Navigation Links
Cell binding discovery brings hope to those with skin and heart problems
Date:1/20/2011

A University of Manchester scientist has revealed the mechanism that binds skin cells tightly together, which he believes will lead to new treatments for painful and debilitating skin diseases and also lethal heart defects.

Professor David Garrod, in the Faculty of Life Sciences, has found that the glue molecules bind only to similar glue molecules on other cells, making a very tough, resilient structure. Further investigation on why the molecules bind so specifically could lead to the development of clinical applications.

Professor Garrod, whose Medical Research Council-funded work is paper of the week in the Journal of Biological Chemistry (JBC) tomorrow (Friday), said: "Our skin is made up of three different layers, the outermost of which is the epidermis. This layer is only about 1/10th of a millimetre thick yet it is tough enough to protect us from the outside environment and withstand the wear and tear of everyday life.

"One reason our epidermis can do this is because its cells are very strongly bound together by tiny structures called desmosomes, sometimes likened to rivets. We know that people who have defects in their desmosomes have problems with their epidermis and get extremely unpleasant skin diseases. Understanding how desmosomes function is essential for developing better treatments for these and other types of skin disease and for non-healing wounds.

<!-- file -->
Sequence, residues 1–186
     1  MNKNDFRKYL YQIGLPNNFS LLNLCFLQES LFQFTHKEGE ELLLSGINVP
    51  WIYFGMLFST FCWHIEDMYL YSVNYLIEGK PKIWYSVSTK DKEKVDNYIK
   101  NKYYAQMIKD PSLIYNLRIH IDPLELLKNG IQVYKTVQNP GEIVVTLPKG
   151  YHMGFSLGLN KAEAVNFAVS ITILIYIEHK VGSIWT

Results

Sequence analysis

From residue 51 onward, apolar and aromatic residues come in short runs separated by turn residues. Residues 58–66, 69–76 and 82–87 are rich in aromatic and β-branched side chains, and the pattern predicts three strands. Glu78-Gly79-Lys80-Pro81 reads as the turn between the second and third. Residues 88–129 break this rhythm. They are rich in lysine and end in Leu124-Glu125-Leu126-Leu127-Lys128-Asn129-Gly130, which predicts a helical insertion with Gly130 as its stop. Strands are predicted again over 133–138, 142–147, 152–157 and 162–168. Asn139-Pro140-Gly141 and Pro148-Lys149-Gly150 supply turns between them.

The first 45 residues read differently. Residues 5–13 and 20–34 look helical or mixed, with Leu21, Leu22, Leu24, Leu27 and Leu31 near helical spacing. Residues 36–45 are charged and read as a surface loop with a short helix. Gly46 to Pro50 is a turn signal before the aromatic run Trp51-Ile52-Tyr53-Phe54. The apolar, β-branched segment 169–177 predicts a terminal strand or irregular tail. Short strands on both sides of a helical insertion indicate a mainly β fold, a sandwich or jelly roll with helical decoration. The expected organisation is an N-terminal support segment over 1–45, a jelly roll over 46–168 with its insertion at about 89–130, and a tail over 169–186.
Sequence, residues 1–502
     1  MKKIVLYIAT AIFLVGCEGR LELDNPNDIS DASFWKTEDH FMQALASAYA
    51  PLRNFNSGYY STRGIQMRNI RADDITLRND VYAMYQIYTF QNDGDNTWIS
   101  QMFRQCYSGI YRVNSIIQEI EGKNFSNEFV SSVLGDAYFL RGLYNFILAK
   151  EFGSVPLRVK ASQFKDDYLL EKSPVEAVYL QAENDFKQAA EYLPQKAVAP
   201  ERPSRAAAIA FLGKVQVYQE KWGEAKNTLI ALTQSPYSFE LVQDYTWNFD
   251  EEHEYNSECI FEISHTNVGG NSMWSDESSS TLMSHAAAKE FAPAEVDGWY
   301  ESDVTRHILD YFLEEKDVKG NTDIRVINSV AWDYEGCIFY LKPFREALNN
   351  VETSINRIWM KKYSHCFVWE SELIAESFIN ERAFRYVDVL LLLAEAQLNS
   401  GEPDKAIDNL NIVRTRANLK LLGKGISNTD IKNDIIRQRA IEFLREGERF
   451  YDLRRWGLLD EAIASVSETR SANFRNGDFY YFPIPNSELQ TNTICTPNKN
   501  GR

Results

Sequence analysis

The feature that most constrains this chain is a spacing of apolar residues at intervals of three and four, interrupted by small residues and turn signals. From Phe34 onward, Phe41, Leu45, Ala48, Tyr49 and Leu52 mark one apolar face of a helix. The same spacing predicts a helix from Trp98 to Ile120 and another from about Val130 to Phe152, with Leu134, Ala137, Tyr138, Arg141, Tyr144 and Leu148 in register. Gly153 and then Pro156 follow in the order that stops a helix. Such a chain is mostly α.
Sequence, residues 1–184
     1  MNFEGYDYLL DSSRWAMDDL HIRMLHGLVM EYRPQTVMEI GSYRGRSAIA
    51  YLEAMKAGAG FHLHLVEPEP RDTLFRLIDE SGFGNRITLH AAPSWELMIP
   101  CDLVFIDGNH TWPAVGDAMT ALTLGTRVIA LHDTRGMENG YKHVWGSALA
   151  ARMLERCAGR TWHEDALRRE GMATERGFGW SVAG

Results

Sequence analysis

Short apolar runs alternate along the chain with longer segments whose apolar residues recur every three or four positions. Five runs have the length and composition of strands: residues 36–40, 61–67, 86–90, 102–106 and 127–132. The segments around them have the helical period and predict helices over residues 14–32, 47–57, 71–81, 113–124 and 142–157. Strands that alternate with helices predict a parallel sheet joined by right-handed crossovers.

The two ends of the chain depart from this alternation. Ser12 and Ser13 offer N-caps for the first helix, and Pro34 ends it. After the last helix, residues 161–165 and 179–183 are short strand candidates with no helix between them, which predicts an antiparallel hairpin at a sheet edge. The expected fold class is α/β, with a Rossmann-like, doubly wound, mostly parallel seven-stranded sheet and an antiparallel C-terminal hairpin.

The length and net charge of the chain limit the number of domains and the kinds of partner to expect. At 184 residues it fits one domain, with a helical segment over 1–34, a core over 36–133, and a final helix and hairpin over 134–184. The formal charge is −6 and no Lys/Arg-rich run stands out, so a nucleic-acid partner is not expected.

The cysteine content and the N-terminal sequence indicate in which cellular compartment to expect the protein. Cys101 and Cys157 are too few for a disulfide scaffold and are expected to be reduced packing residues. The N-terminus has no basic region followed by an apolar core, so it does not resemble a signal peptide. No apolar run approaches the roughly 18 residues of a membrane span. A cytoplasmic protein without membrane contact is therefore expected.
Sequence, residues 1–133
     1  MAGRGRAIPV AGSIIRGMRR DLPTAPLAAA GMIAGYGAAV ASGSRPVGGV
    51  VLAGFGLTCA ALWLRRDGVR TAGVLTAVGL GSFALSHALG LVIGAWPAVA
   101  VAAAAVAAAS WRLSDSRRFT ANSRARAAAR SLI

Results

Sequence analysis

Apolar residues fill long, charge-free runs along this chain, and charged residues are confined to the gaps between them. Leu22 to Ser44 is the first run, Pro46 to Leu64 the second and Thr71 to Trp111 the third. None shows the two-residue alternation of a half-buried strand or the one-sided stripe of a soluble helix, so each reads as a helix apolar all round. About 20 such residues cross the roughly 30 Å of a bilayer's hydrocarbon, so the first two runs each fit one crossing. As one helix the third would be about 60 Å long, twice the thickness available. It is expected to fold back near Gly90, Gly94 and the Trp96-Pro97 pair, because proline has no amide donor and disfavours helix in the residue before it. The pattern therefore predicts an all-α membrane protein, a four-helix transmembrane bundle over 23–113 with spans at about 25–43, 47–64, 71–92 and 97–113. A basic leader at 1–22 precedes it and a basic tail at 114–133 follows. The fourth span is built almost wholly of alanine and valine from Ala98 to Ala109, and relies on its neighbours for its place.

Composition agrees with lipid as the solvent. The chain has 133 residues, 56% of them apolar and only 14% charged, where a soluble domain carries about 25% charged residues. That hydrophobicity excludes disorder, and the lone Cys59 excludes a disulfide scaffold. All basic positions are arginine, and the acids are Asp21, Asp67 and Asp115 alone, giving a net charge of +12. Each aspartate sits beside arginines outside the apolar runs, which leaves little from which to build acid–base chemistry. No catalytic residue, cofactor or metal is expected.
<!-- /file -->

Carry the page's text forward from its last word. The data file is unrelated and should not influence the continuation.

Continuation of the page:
"Desmosomes are also extremely important in locking together the muscle cells of the heart, and hearts where desmosomes are defective can fail catastrophically, causing sudden death in young people.

Hence our findings may also be relevant in the heart and in developing new treatments for heart disease."

ProfessorGarrod and his team, Zhuxiang Nie, Anita Merritt, Mansour Rouhi and Lydia Tabernero, used chemical cross-linking to study cells of the epidermis and found what they believe to be the principal mechanism by which the glue molecules of desmosomes of skin cells bind to each other.

"For reasons that we do not fully understand there are several different but closely-related glue molecules within each desmosome," he explained.

"Our results show that each glue molecule on one cell binds primarily to another of the same type on the neighbouring cell, meaning the binding is highly specific. This was very surprising because previous studies using different techniques had not been able to give such a clear answer on the specificity of binding."

He added: "Our result suggests that this type of specific binding is of fundamental importance in locking together cells of the epidermis into a tough, resilient structure. It is an important step forward in our research, which aims to develop better treatments for non-healing wounds, other skin diseases and heart problems. We could do this if we understood how to make medicines that would lock or unlock the desmosomes as required."


'/>"/>

Contact: Aeron Haworth
aeron.haworth@manchester.ac.uk